Platform 

Pension freedoms heralded biggest change for platforms

 

Pensions are behind the majority of flows on platforms since the radical overhaul of the retirement rules, according to NextWealth’s Heather Hopkins.

“With the pension freedoms, there was an immediate shift in where flows were going to on adviser platforms towards a pension wrapper,” she told FTAdviser.

“Now, about 80 per cent of flows go to a pension wrapper on a quarterly basis and about half of assets sit in a pension.”

Ms Hopkins, who is managing director at platform consultancy NextWealth, explained: “That changes things significantly for the platforms because not only has that driven flows onto the platform, but it also means that assets will stay on the platforms for longer.”

She acknowledged pensions were just the first of many changes platforms had gone through recently, citing technology as the second most important change.

Ms Hopkins recognised a number of platforms are going through upgrades, or “replatforming” at the moment.

In January this year, Aegon completed the shift of 79,000 non-advised Cofunds customers onto its Investor Portfolio Service.

“Firms are investing heavily in their technology to get it ready and fit for purpose for the next phase of growth, to make sure they have a scalable back end proposition to be able to build the platform for the long run,” she said.

Asked how much impact the rise of platforms such as Nutmeg will have on investor relationships with advisers, Ms Hopkins admitted none of the robos had seen a huge rise in the number of users.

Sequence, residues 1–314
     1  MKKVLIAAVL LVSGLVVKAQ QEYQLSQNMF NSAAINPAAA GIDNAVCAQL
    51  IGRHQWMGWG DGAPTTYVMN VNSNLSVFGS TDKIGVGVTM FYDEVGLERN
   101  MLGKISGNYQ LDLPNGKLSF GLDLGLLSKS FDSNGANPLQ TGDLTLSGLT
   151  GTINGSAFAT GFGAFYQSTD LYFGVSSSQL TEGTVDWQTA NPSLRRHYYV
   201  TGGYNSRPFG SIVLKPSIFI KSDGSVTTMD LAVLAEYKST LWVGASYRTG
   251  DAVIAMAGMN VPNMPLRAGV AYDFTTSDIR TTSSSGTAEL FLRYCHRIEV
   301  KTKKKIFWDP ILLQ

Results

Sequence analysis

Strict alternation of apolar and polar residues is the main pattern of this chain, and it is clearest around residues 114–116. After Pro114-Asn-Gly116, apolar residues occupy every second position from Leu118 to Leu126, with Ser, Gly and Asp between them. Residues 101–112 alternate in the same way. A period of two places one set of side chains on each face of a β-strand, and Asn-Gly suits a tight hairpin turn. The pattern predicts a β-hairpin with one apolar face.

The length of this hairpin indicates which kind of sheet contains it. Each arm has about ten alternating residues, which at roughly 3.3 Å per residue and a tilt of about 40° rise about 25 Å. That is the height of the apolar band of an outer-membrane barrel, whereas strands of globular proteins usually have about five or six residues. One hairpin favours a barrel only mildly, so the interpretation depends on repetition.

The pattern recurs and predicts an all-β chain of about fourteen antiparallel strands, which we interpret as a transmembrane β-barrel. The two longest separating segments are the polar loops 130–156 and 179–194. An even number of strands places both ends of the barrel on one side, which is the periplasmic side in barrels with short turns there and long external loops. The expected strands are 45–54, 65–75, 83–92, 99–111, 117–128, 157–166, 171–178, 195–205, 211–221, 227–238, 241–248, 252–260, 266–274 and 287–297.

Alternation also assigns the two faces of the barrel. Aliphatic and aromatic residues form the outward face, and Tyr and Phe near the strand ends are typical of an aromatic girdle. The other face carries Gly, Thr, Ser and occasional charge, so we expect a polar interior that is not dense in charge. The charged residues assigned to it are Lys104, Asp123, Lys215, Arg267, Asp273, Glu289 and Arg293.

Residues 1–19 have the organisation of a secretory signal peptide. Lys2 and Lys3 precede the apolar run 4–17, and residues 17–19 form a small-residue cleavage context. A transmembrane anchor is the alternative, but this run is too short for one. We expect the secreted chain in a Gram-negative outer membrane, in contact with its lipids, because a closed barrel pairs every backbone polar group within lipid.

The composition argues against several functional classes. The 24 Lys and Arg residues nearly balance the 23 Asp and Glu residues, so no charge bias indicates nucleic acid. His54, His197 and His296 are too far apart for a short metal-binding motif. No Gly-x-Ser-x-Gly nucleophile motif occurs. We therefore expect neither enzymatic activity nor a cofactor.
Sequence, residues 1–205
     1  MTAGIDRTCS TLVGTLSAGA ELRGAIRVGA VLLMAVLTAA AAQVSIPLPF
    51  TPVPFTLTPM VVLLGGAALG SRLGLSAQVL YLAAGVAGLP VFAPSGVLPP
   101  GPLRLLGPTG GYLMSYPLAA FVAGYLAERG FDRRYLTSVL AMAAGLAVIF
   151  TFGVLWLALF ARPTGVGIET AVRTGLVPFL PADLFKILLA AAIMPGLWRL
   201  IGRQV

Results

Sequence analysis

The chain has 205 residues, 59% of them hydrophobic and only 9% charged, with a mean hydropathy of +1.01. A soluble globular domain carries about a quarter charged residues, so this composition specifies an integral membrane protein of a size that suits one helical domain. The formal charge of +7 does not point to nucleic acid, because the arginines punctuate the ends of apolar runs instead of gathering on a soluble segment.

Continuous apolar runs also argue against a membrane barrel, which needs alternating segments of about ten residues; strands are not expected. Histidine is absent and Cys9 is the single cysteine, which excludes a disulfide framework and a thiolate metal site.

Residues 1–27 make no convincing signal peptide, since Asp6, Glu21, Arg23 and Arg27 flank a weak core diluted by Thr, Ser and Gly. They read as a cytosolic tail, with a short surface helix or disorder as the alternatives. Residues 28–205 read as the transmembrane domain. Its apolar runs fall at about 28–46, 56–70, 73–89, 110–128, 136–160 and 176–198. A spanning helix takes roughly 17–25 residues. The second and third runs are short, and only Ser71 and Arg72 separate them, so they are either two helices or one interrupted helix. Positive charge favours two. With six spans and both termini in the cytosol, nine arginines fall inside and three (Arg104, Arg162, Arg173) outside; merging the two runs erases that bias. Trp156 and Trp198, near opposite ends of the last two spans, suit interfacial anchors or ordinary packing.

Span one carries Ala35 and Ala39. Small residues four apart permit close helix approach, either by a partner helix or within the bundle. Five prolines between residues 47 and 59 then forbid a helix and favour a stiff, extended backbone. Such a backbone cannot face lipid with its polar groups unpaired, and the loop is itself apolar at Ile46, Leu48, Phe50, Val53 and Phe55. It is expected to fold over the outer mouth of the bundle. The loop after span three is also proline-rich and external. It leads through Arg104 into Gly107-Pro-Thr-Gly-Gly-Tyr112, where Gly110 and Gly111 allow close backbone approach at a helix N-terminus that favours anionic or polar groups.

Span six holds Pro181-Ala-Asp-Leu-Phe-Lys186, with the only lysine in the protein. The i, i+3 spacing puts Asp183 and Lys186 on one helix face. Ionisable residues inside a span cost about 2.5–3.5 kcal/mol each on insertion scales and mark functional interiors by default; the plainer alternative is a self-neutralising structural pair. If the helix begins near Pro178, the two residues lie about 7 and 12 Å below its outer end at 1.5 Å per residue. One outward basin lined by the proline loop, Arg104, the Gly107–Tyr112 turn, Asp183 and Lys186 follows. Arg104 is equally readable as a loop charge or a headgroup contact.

“I think that’s one of the questions is, will they really disrupt the market? I definitely think there’s a place for automated investing propositions,” she suggested.

“But I think what’s interesting is all these propositions are testing different ways of engaging with customers.”

She predicted that platforms like Nutmeg will help “offer a potentially slimmed down proposition to different segments of the population” for those who don’t want to pay the “full fat” fee structure.

Ms Hopkins also addressed the issue of diversity in the platform sector and said she hoped firms would look to improve diversity.

“There are lots of really good business reasons for that. It’s not just about women, it’s also about racial diversity and age diversity within firms,” she reasoned.

“I run a quarterly meet-up for women in the industry. It used to be just women in platforms and it’s expanded slowly to include women across financial advice and investments, so we’re a growing group that just get together.”

eleanor.duncan@ft.com

Watch the full interview at the top of this page.

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